The dominance of Alipay and Wechat Pay means banks are missing out on all the transaction fees that have traditionally made the industry so profitable. Furthermore, as a Bloomberg News article explains, with both Tencent and Alibaba developing their own money-market funds and banking units, banks are also being siphoned of their deposit and withdrawal fee revenue streams. In short, Chinese banks are suffering. In an article by Hong Kong’s South China Morning Post, a Chinese banker complained, “We are losing money and, worse, customers. Alipay and WeChat have become a duopoly that is impossible to fight.” With the mobile payment industry showing no signs of slowing down, Chinese banking will take a serious toll unless President Xi Jinping decides to jump in and exercise damage control.

For all the wounds banks have suffered and will continue to suffer at the hands of mobile payments, consumers are likely to be hurt as well. First, there is the issue of data privacy. As noted by a Business Insider article, the wide-variety of functions offered by Taobao and Wechat has allowed apps to collect all sorts of consumer information in order to build detailed user profiles for ad revenue. After several years, the apps’ parent companies, Alibaba and Tencent, are sitting on a war chest of consumer data, which can present some problems.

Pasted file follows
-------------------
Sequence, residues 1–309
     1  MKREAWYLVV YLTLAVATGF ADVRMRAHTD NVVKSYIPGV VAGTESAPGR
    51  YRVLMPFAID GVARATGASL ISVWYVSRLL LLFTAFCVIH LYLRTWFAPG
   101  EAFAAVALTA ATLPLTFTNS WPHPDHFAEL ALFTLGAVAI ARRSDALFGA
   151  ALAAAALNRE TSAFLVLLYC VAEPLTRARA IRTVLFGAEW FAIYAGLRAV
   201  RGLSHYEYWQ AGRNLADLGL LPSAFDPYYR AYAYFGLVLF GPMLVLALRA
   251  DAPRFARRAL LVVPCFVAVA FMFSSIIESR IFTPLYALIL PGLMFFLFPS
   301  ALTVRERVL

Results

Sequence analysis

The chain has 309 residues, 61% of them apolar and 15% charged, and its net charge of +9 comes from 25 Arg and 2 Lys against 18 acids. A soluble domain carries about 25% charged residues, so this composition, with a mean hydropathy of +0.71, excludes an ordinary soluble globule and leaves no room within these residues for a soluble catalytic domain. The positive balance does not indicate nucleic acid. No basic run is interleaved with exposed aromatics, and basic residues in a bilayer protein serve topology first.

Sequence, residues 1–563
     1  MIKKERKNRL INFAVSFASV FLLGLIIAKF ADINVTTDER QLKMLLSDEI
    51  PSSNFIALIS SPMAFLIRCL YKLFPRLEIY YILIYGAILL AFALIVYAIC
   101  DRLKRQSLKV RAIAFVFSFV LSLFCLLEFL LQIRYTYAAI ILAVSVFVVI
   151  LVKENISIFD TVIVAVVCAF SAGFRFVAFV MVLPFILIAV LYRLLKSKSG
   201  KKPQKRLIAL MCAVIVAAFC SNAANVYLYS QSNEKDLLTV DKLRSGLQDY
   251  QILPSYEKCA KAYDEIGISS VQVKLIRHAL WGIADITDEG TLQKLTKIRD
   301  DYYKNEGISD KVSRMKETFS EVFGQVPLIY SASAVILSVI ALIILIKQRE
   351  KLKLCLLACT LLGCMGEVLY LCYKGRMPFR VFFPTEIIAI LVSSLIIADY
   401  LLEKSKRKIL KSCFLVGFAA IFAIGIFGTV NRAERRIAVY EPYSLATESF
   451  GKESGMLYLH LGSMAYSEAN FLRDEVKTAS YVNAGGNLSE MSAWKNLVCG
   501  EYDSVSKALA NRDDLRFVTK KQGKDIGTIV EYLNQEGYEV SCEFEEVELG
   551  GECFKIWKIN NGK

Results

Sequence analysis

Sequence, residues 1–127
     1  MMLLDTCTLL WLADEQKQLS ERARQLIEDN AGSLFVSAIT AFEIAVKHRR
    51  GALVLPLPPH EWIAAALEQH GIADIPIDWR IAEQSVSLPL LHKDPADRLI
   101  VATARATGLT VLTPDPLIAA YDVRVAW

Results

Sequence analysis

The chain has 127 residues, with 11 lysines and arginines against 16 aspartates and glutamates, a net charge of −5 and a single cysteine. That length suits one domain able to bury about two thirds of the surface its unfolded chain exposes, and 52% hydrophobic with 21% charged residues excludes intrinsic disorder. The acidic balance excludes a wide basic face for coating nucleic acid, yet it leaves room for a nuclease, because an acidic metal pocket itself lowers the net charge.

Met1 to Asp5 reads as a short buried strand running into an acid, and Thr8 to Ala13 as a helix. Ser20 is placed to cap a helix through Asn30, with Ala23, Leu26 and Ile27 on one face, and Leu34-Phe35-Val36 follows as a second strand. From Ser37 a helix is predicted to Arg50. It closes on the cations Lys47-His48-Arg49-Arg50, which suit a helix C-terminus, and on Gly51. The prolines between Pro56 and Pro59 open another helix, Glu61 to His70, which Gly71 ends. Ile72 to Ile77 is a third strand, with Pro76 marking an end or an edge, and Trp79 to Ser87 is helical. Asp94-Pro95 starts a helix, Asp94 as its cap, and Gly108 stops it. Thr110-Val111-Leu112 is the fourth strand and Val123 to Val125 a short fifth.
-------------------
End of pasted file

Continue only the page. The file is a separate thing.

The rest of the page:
App users are naturally growing uncomfortable with the constant profiling. While unwanted surveillance has long been a staple of China’s online experience, it seems consumers are starting to desire greater privacy. According to a New York Times article, business leader Li Shufu stated, “There’s no privacy and information security these days… Pony Ma [founder of Tencent] must be reading our WeChat messages every day.”  The frustration is certainly understandable. Surveillance has encroached on consumers further and further as new technologies such as facial recognition have developed. The Chinese government also continues to tighten its stranglehold over citizen behavior. As discussed by a CNBC article, a credit score program titled “Sesame Credit” was released by Alibaba in early 2017, which rewards and punishes users for good and bad behavior, such as expediting loan approvals for paying a bill on time or restricting travel access for a traffic violation. As expected, the program has met heavy backlash, accused of being “Orwellian” in nature especially by Western observers. It is likely Chinese consumers are feeling more and more suffocated by recent developments in personal data collection. Mobile payments will only tighten the grip.